- “Planters and sitting areas integrated into the bridge design at the sidewalk.”
- “An architecturally memorable design that blends function and artistic expression and creates an iconic civic presence in the heart of Ballston.”
“The new bridge will be not only more functional, but also more beautiful — it will be a real asset to Ballston Quarter and our community,” County Board Chair Libby Garvey said, in a statement.
The existing bridge is expected to close to pedestrians mid-October, with demolition expected to begin shortly thereafter. Construction of the next bridge is expected to start at the beginning of March, following a public process to finalize the design. The newly-renovated mall and pedestrian bridge are scheduled to open on Sept. 13, 2018.
The old bridge’s demolition will allow for major changes to the façade of what’s currently known as Ballston Common Mall. From a press release:
Demolition of the existing pedestrian bridge will make way for a public plaza that is a key community benefit of the Ballston Quarter redevelopment.
Once the existing pedestrian bridge is removed, the mall façade that fronts on Wilson Boulevard will be transformed and the existing entrance to the mall will be eliminated. A 3,386 sq. ft. public plaza will be created at street level on Wilson Boulevard with steps and seating areas leading into another 2,500 sq. ft. of sunken, public plaza space with outdoor restaurant seating and event space.
Forest City Enterprises, developer of Ballston Quarter, will construct the new bridge with funding provided through the partnership between the County and Forest City. The reconstructed bridge will have public access easements that do not exist today, and it will be more functional and aesthetically pleasing than the current bridge.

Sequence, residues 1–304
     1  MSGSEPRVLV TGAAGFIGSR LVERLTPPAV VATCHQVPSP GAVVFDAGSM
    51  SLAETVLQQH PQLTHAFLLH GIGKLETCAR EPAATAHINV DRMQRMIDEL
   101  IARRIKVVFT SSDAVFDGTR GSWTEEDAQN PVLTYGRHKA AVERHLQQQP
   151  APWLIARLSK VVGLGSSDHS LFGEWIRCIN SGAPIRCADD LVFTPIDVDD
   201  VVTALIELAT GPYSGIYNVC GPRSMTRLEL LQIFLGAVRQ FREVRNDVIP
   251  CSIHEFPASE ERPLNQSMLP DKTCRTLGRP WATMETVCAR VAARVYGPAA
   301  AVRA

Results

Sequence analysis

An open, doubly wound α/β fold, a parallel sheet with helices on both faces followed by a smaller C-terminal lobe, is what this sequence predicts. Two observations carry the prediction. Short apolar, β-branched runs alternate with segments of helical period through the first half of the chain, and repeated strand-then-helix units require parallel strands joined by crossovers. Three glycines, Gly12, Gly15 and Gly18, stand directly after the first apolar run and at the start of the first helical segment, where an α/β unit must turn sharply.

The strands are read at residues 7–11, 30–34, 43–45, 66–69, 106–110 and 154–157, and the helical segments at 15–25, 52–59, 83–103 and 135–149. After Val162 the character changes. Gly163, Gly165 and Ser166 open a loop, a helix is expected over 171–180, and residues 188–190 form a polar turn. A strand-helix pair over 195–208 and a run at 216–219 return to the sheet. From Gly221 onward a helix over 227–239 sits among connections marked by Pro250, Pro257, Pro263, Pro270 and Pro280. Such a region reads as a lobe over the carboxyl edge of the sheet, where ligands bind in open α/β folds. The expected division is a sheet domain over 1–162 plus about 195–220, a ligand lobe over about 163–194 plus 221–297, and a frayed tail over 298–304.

Inside, instead of a traditional food court, the new mall will feature an “‘experiential food hub’ that will combine eat-in dining, prepared food sales and market elements,” perhaps similar to D.C.’s Union Market, the Washington Business Journal reported today.
The County Board also voted yesterday to formalize its public-private partnership with mall owner Forest City. The partnership means that a county-created Community Development Authority will pay up to $55.5 million in public infrastructure costs associated with the mall project, while receiving a portion of any increase in tax revenues associated with the mall.
Members of the Ballston-Virginia Square Civic Association were given an early look at two new developments planned for the community over the next few years.
The 40-year-old church, which is used by Grace for meetings but not for Sunday services, would be replaced by a seven-story condo building and a block of four-story townhouses. A series of townhomes and a private driveway is planned for the parking lot.